February 7, 2023

When the church starts to work as the government does, it will start to lose the essence of initiative and voluntary service. I recall who I consider an Igorot saint and hero, Bishop Francisco Claver, SJ, when he said, “Make use of the word ministry in your groups, not committee.” I did not understand that line until I was immersed with the people and with their voluntary services to the church.
In the government, there is no problem in using the word “committee” to name its small groupings. They are being paid for their job. The services in the government are both an obligation and a job.
One is obliged to do his work because he is being paid for it. The sad part is when one is paid and yet he does not do his obligation. Obligation is motivated by recompense, wage, award, promotions, applause or praise. Without these elements, a person will not work well or will not even work.
Our work in the church is called responsibility.
Responsibility is the work attitude and the power that drives someone to work. It’s not the wage, reward, award, applause, appreciation or promotion that impels a person to work or serve. We simply work and serve because it’s our nature to serve others. With or without appreciation or compensation, we still serve and we are not frustrated if people do not award or appreciate us.
I remember an institution with volunteers in the operation of its programs and activities. The volunteers were demanding honorarium from the institution.
In fact, they had been receiving honorarium, but they were asking for more. It simply meant these people do not know what voluntarism, voluntary service, or volunteers mean. When one demands for honorarium, they cease to be volunteers. But if volunteers get something they did not ask for, it is not a payment but an act of gratitude or expression of joy for what they are doing without expecting something in return. Volunteers and voluntary service cease to be voluntary if it demands for something.
There was once a church community that started to pay somebody to clean the church. Well, the good result was, the church was consistent in its cleaning works. But the community service died and people started to depend on the paid cleaner. The community spirit of coming together and cleaning the church together died.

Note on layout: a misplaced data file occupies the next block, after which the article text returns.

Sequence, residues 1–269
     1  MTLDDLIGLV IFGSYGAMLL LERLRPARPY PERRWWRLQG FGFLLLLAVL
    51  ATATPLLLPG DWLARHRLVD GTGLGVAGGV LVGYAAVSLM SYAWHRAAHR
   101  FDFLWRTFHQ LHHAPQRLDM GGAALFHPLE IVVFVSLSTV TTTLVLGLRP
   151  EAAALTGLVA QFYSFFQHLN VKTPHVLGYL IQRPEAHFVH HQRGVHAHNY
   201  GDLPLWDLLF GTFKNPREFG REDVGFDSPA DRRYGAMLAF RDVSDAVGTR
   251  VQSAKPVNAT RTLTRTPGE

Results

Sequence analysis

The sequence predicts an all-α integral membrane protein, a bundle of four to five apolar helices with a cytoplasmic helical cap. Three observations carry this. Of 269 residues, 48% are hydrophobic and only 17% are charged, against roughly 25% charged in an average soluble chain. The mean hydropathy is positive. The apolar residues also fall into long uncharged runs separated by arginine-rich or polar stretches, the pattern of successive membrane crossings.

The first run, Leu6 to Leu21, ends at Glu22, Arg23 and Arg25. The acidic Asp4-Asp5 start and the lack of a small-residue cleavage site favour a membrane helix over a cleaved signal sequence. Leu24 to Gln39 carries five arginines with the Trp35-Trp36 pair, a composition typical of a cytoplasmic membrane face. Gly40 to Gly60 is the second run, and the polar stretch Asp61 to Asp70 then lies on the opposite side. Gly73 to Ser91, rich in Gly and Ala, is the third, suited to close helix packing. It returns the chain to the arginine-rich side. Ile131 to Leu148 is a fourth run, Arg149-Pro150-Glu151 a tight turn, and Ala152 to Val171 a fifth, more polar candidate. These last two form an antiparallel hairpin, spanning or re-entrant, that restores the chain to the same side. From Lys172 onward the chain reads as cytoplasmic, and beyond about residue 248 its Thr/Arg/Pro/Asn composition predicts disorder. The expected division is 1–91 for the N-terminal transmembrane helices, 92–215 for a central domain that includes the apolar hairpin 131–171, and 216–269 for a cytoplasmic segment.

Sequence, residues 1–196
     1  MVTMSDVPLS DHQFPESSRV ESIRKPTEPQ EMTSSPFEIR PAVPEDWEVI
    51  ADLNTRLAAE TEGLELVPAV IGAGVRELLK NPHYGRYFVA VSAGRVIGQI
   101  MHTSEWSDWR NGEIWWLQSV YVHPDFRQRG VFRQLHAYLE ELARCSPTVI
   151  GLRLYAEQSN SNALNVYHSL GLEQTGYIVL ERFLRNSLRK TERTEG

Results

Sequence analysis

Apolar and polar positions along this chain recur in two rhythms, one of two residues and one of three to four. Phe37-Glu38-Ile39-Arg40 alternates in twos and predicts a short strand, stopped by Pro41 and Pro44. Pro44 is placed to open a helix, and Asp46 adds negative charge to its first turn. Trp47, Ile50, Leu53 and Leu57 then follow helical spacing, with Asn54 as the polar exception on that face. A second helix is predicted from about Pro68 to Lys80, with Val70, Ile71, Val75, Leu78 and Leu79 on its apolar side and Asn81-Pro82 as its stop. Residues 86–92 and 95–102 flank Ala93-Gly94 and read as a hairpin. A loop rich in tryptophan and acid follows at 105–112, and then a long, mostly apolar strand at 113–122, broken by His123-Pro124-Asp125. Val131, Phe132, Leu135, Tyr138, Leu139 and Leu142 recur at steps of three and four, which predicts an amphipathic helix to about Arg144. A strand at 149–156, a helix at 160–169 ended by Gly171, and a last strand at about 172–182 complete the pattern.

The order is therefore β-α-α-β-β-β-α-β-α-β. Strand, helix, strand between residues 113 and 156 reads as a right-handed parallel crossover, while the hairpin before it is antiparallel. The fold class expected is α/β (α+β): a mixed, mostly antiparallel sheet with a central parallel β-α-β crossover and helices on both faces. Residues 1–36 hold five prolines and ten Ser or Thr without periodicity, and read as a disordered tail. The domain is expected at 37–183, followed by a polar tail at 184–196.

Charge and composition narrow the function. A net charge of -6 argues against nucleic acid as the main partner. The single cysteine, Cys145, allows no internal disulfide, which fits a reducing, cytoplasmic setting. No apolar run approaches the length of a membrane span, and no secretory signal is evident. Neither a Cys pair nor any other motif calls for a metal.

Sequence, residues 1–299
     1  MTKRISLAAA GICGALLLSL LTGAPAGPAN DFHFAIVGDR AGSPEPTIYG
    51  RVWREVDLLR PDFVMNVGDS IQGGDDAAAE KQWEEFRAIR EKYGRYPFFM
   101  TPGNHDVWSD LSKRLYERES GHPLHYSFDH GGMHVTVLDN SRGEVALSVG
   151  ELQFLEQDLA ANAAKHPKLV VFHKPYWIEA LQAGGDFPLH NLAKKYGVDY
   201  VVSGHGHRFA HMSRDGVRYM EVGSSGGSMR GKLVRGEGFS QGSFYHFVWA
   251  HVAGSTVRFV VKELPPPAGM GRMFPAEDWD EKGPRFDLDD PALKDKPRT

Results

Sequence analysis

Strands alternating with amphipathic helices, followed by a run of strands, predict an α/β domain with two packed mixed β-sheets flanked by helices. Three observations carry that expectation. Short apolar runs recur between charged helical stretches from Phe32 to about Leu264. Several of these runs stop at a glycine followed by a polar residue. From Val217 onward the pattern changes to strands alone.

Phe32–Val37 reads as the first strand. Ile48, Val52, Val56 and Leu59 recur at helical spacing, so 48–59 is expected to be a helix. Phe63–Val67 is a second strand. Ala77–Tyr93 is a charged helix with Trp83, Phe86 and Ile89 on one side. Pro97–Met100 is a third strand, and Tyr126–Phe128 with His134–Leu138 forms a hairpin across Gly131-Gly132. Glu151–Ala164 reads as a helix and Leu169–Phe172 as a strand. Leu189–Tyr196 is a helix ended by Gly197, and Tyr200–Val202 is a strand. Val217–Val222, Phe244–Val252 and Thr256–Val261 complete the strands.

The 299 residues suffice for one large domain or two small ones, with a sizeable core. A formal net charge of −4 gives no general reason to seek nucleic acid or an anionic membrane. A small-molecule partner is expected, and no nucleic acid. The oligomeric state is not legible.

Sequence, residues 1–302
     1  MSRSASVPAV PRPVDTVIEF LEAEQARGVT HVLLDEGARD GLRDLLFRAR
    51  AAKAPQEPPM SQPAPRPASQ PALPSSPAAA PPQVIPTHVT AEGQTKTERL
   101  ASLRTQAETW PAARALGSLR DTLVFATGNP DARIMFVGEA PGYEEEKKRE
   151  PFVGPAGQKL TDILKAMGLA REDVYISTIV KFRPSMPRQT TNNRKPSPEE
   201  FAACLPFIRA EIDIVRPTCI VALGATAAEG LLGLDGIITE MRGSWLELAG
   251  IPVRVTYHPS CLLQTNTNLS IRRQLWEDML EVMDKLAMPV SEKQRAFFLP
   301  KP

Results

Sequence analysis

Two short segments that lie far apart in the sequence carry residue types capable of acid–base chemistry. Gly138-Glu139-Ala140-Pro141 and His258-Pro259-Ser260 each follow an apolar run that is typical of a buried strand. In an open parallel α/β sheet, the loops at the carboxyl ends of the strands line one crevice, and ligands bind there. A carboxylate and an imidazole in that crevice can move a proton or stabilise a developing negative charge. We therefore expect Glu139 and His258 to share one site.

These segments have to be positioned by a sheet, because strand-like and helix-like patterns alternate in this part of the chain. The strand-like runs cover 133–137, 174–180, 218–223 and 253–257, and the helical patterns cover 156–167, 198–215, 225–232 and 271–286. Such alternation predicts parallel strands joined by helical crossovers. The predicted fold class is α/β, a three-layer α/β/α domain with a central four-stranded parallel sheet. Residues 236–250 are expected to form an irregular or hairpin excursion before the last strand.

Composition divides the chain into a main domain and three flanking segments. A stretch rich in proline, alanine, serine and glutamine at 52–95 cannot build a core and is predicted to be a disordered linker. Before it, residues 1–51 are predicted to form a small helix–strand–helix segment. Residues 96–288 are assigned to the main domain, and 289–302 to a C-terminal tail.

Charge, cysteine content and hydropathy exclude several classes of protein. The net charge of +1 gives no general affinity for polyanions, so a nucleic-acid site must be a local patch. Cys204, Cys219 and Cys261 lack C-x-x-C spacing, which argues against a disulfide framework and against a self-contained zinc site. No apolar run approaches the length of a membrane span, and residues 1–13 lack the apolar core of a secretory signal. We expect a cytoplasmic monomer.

Now, I have a better grasp of Bishop Francisco’s wisdom. Let us not equate all services with money otherwise we become hirelings. A hireling does not have a place in the ministry because a hireling sees all work with wages and equates all services with money. A hireling will never understand initiative, creativity, and ministry. Hirelings are the allergies of volunteerism and creativity and will never understand the word providence. Hirelings will result to emptiness and see life meaningless in the end.
There is emptiness when everything is seen as a work rooted in wages. At the end of the day, we ask ourselves, “I worked hard. I was paid more than enough. Am I happy? Maybe fleetingly. But when I worked hard and donated some of time, treasure, and talent to people and I felt their joy, I myself was happy. When I rested, I felt fulfilled and loved.”
There is a big difference between voluntary service, paid work, volunteer, and hireling. We see the Book of Job 7:1-4, 6-7: “Is not man’s life on earth a drudgery? Are not his days those of hirelings? He is a slave who longs for the shade, a hireling who waits for his wages. If in bed I say, ‘When shall I arise?’ Then the night drags on; I am filled with restlessness until the dawn. My days are swifter that a weaver’s shuttle, they come to an end without hope.”
Government-funded projects in communities did a great part in the development, but it also did a great disaster among the people. It gradually killed volunteerism. People and government officials will just wait for money. Initiatives to care for the roads and community facilities are gone now. Many project contractors and government officials are becoming greedier milking from these projects. This is what happens if we remove the real essence of voluntary work and if money has a special place in the workplace.
I am happy that through the church, the Mountain Province youth are imbibing the culture of initiative, volunteerism, and creativity. They will surely be big agents of change.
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